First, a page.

Scrutinizing Kitchener roofing and paving companies, the LRT and house sales. This is the Marshall Report

Roofing and paving companies come under city scrutiny 

The city of Kitchener wants to regulate roofing and paving companies. With the goal of consumer protection, reducing the chance of fraud, the city would like to change the city’s licensing bylaw so they can better regulate the industries.

In theory it sounds like a good idea. I support the idea. But in practice it will likely add costs not only in terms of city budget (clerking and enforcement) but also licensing fees that will be passed onto consumers like me. The bylaw will be hard to enforce.

It’s tough being a homeowner. There are decisions to be made, decisions about home maintenance and improvement purchases like roofs, windows, flooring and driveways. If you move and sell your home every seven to ten years, you might be able to dodge this bullet, but otherwise you’re on your own, you have to decide.

First you have to get quotes. Then you have to compare. Then you have to pay.

It’s the comparing that is the hard part.

I have to do my driveway this summer. In the old days there was one choice – paving. But now I could choose paving or concrete, patterned concrete, pebble stone or a combination of all these. I needed to get a lot of quotes and I spoke with at least two contractors in every area.

Just like when I was shopping for a backyard swimming pool a couple of summers ago, I met with the good the bad and the ugly. I learned and compared what I learned against the other quotes. At the end of the day, I had to rely on intuition and trust.


LRT becomes a physical reality. Construction begins.

I’ve lived through this sort of thing before – major traffic disruptions due to mass rapid transit construction. That was way back in the 1990’s when I lived in Taipei and they were putting in the MRT. The construction was everywhere and the system took a long long time to complete.

Three areas in Waterloo Region are about to be impacted as construction begins on our loved and loathed LRT.

  • Caroline Street, in Uptown Waterloo.
  • Borden Street, just outside Kitchener’s downtown core.
  • Dutton Drive in Waterloo, which will be the future site for an operations and storage facility for the system.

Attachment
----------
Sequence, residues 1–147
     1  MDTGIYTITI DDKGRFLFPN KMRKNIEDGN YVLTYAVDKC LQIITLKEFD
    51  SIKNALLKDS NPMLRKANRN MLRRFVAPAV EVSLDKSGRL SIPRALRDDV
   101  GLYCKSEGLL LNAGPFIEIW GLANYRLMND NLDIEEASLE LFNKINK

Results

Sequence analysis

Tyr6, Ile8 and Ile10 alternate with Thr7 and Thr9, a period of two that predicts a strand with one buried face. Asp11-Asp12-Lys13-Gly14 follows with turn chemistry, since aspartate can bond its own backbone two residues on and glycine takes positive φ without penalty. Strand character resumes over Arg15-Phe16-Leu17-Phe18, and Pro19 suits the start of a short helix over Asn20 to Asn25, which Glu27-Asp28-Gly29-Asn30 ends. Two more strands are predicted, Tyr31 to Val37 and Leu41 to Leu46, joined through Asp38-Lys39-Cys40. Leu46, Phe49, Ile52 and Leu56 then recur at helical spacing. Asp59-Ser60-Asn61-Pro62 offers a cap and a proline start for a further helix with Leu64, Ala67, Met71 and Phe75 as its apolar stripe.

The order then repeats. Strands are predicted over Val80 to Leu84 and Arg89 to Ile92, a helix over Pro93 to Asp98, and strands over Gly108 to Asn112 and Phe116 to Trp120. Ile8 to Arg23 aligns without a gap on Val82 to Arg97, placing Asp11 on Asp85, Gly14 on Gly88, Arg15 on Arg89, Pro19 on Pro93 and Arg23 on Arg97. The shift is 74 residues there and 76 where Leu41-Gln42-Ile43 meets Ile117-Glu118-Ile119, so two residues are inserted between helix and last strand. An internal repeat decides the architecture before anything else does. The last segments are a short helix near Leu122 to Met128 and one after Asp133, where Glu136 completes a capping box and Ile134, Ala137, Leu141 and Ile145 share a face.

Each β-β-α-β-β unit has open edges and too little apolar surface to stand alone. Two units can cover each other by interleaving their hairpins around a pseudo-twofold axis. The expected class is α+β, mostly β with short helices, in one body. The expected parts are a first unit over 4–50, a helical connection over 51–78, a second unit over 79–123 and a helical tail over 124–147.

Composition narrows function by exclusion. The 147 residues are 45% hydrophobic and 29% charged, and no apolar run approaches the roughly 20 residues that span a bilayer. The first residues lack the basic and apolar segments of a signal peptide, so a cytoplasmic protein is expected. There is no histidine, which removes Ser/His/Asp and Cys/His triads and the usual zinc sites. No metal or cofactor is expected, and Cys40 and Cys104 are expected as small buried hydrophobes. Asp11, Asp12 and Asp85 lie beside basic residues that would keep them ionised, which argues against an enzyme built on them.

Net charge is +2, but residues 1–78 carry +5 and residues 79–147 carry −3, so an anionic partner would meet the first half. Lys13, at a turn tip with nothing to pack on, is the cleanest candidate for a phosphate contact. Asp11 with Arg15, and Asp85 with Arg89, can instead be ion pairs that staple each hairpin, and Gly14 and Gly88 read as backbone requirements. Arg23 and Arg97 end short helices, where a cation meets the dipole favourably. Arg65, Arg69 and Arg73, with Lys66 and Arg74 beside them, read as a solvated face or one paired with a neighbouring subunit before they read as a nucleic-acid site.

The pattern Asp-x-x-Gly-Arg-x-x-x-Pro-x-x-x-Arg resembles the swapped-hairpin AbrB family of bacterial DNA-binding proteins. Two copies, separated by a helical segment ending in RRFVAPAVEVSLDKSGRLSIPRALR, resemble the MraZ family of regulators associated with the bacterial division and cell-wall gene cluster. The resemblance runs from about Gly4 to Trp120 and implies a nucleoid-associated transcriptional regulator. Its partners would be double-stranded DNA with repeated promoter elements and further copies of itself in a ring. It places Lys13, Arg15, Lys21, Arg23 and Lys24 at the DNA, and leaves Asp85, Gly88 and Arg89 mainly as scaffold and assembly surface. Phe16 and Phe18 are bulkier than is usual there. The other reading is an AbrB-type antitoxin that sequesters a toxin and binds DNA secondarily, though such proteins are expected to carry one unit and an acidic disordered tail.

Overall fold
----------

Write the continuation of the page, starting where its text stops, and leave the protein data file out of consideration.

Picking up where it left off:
Of these three, the Caroline Street construction in UpTown Waterloo will be the trickiest spot with the most traffic disruption (at Erb and into the parking lot behind) but we have been ensured that customers will have access to the LCBO.


House sales up 6%

I like to read the real estate statistics. I’m not sure why. They are not detailed enough to be useful. They are misleading – we tend to draw the wrong conclusions. But I guess, they shed some light on general trends.

This story in the Waterloo Region Record told us that there were a lot of houses sold in July, 662 to be exact. That’s 6% more than July 2013. See there’s the headline. But that is not really important. What’s more important is that sales for this year are close to historic levels. We should expect this. We are growing community. We should be continually breaking historic number of homes sold records.

Here are some other stats:

The average price for all residential units sold was $335,858, up 5%.

The year-over-year sales are still down — the 4,069 transactions for the first seven months of 2014 are 1.6% below the 4,135 sales in the first seven months of last year.

Detached homes sold for an average price of $378,459, an increase of 4.7%, while condominiums sold for an average price of $223,302, an increase of 3.9% compared with July 2013.





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1 Comment

  1. I think more ministry workers need to be hired to oversee roofing in kitchener, waterloo area.
    The amount of unlicensed roofers is staggering. At some point someone will get badly hurt or killed.
    I see companies I know do not have the necessary permits or licenses to work

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